SAN DIEGO (CN) – Upper Deck International, a Netherlands-based trading card company, sued its California-based subsidiary, claiming The Upper Deck Co. counterfeited a popular Japanese trading card game, costing the corporation millions of dollars in legal fees, lost sales and damaged reputation.
The Yu-Gi-Oh! trading card game was developed from a fictional game in a Japanese manga created by Kazuki Takahashi. The Yu-Gi-Oh! franchise includes several animated features and video games.
Most incarnations feature a trading card game called Duel Monsters, in which players fight mock battles with fantasy monsters.
In its federal complaint, Upper Deck International (UDI) claims that in September 2006 it signed an agreement with Konami Digital Entertainment, manufacturer of the Yu-Gi-Oh! trading card game, to serve as exclusive distributor of the game throughout Europe and South Africa.
At about the same time, the Upper Deck Co., (UDC) based in the San Diego suburb of Carlsbad, signed a similar agreement to serve as exclusive distributor of the game in the United States, Canada, Guam, and Central and South America, according to the complaint.
UDI says it asked its Carlsbad subsidiary firm to serve as its subcontractor in Europe. At the time, defendant Richard McWilliam, head of the U.S. firm, sat on UDI’s board of directors.
The deal turned sour in 2008. UDI claims: “In or about the first half of 2008, defendants orchestrated a scheme to produce and distribute counterfeit Yu-Gi-Oh! trading cards that UDC was not authorized to produce or distribute under the Yu-Gi-Oh! America contract.”
UDI claims that it and its officers – except for McWilliam – were “wholly unaware of and in now way complicit in defendants’ scheme.”
The complaint adds: “Upon discovery of defendants’ counterfeiting scheme, Konami Digital Entertainment Inc., promptly terminated the Yu-Gi-Oh! America contract.”
Konami also sued UDC and others, in Los Angeles Federal Court, and invoked a “domino clause,” terminating the Yu-Gi-Oh! Contract for Europe, UDI says.
UDI says that McWilliam denied any wrongdoing, which prompted UDI to fight the contract termination.
Only after UDI had spent millions on legal fees did McWilliam change his story and admit that the counterfeiting had occurred, UDI says.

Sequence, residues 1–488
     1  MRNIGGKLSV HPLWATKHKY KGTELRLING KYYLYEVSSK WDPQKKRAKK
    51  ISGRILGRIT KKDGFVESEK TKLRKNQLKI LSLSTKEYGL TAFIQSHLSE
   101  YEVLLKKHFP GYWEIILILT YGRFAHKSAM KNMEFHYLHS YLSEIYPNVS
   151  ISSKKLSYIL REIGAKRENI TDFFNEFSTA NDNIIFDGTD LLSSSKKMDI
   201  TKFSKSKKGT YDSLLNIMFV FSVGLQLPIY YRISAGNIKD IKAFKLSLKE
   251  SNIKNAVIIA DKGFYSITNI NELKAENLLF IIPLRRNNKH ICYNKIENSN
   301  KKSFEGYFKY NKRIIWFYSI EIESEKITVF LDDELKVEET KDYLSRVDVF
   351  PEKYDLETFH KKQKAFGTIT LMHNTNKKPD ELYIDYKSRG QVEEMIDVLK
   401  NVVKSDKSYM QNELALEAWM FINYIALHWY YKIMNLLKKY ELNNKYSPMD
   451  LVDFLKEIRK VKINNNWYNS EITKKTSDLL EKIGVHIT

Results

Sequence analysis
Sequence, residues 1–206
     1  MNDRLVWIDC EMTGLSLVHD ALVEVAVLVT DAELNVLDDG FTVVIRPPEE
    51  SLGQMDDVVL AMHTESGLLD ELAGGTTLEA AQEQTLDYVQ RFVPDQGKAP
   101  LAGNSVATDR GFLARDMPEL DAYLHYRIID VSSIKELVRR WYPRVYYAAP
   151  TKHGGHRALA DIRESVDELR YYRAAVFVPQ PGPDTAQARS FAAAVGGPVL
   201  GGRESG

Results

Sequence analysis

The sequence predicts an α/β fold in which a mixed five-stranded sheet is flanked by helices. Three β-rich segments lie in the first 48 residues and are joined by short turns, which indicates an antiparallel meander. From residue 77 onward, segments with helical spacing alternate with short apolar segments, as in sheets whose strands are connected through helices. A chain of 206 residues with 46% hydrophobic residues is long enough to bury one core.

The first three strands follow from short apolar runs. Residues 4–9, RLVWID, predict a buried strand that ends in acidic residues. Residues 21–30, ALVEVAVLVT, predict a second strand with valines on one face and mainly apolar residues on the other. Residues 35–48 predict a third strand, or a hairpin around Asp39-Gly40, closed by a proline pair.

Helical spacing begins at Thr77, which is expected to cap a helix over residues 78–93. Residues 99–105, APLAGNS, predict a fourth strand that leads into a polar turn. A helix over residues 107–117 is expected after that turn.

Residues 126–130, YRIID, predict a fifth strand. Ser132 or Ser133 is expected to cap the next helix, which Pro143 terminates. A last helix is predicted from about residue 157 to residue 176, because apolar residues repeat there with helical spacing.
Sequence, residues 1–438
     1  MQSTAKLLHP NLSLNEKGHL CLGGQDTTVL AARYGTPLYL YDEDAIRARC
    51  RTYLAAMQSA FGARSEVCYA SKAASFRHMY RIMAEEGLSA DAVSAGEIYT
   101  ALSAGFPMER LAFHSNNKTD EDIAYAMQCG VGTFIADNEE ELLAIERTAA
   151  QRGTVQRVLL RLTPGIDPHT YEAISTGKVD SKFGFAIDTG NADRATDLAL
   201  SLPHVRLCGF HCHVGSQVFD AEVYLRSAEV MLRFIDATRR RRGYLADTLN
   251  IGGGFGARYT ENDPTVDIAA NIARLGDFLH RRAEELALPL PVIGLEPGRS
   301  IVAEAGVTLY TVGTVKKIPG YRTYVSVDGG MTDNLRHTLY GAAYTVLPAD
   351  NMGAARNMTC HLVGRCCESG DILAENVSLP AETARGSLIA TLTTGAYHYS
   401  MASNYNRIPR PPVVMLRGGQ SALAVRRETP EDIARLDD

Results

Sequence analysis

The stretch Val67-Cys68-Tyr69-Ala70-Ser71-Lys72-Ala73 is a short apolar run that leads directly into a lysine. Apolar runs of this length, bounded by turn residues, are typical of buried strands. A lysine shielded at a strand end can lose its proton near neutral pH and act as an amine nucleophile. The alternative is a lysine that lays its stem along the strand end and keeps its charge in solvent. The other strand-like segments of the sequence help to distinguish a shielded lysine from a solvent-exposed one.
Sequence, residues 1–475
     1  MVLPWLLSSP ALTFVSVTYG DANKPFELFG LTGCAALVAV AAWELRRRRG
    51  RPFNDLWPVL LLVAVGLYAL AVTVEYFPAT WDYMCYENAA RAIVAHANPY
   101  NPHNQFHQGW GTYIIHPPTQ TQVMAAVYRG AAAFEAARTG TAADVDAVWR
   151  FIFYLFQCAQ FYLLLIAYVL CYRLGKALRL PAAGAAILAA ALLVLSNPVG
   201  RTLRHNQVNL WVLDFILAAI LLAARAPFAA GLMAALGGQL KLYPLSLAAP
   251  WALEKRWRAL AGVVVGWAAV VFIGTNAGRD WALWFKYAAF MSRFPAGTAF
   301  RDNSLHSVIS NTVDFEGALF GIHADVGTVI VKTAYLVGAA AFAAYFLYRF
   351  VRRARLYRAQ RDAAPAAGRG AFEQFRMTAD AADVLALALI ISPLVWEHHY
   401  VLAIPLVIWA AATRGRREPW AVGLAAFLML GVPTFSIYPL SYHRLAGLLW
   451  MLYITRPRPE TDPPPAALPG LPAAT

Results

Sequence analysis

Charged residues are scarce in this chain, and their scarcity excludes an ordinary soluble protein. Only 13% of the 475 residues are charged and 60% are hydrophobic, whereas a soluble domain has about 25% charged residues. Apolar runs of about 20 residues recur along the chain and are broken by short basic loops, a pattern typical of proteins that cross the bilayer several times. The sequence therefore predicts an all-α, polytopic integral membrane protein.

“Later, defendants also admitted their counterfeiting scheme to Konami Digital Entertainment Inc., and its European affiliate KDE thereafter refused to fulfill millions of dollars in orders placed by UDI or to return the funds advanced by UDI to secure those orders,” the complaint states.
By then, both branches of Upper Deck were negotiating with Konami to try to settle the Konami complaint before trial. UDI claims that its American branch was “unable to fund the settlement amount demanded by KDE,” so it asked its corporate parent, UDI, to loan it $1 million to do so. “UDI, at all times having been led to believe by defendants and reasonably believing that any settlement of the U.S. KDE legal action would also include a settlement of the Europe KDE legal action, agreed to loan UDC $1 million to help fund a settlement,” according to the complaint.
The complaint adds: “Unbeknownst toe UDI, however, the settlement that defendants negotiated and agreed to did not resolve the Europe KDE legal action. Instead, McWilliam and UDC disregarded and misrepresented UDI’s interests in negotiating settlement of the U.S. KDE legal action. Indeed, at one point during those negotiations, again unbeknownst to UDI, defendants falsely misrepresented during negotiations that UDI was not interested in resolving the Europe KDE legal action as part of settlement of the U.S. KDE legal action. At or around the same time, defendants represented to UDI that Konami was not interested in a worldwide settlement. UDI only discovered that the settlement did not resolve the Europe KDE legal action and learned of defendants’ misrepresentations regarding UDI’s supposed lack of interest in resolving the Europe KDE legal action after defendants convinced UDI to loan Upper Deck California and Upper Deck Nevada $1 million, and after defendants executed the settlement agreements with Konami Digital Electronics, Inc.”
UDI adds that since the U.S. settlement with KDE did not settle the complaint about Europe, “KDE was left free to continue to take aggressive legal action against UDI in Europe. KDI did exactly that: it continued to pursue significant monetary relief, including a claim for $64 million in damages against UDI and its CEO Nico Blauw for KDE’s alleged damages it claimed to have suffered as a result of the discovery of defendants’ unlawful counterfeiting scheme and testimonies. KDE also levied and encumbered significant assets of UDI and UDI’s CEO.
“As a result of defendants’ unlawful counterfeiting scheme and their later disregard and misrepresentation of UDI’s interest during settlement negotiations that led to settlement of the U.S. KDE legal action, UDI’s business has been significant and severely damaged.”
UDI claims the losses forced it to fire more than 100 employees and close its offices in the United Kingdom, France, Spain, Italy and Australia.
It claims Upper Deck Co. severely damaged its corporate parent’s reputation – and never repaid the $1 million loan either.
UDI seeks punitive damages for breach of contact, intentional interference with contractual relations, intentional and negligent interference with prospective economic advantage, breach of fiduciary duty and aiding and abetting breach of fiduciary duty
It is represented by Andrew D. Skale with Mintz, Levin, Cohn, Ferris, Glovsky and Popeo of San Diego.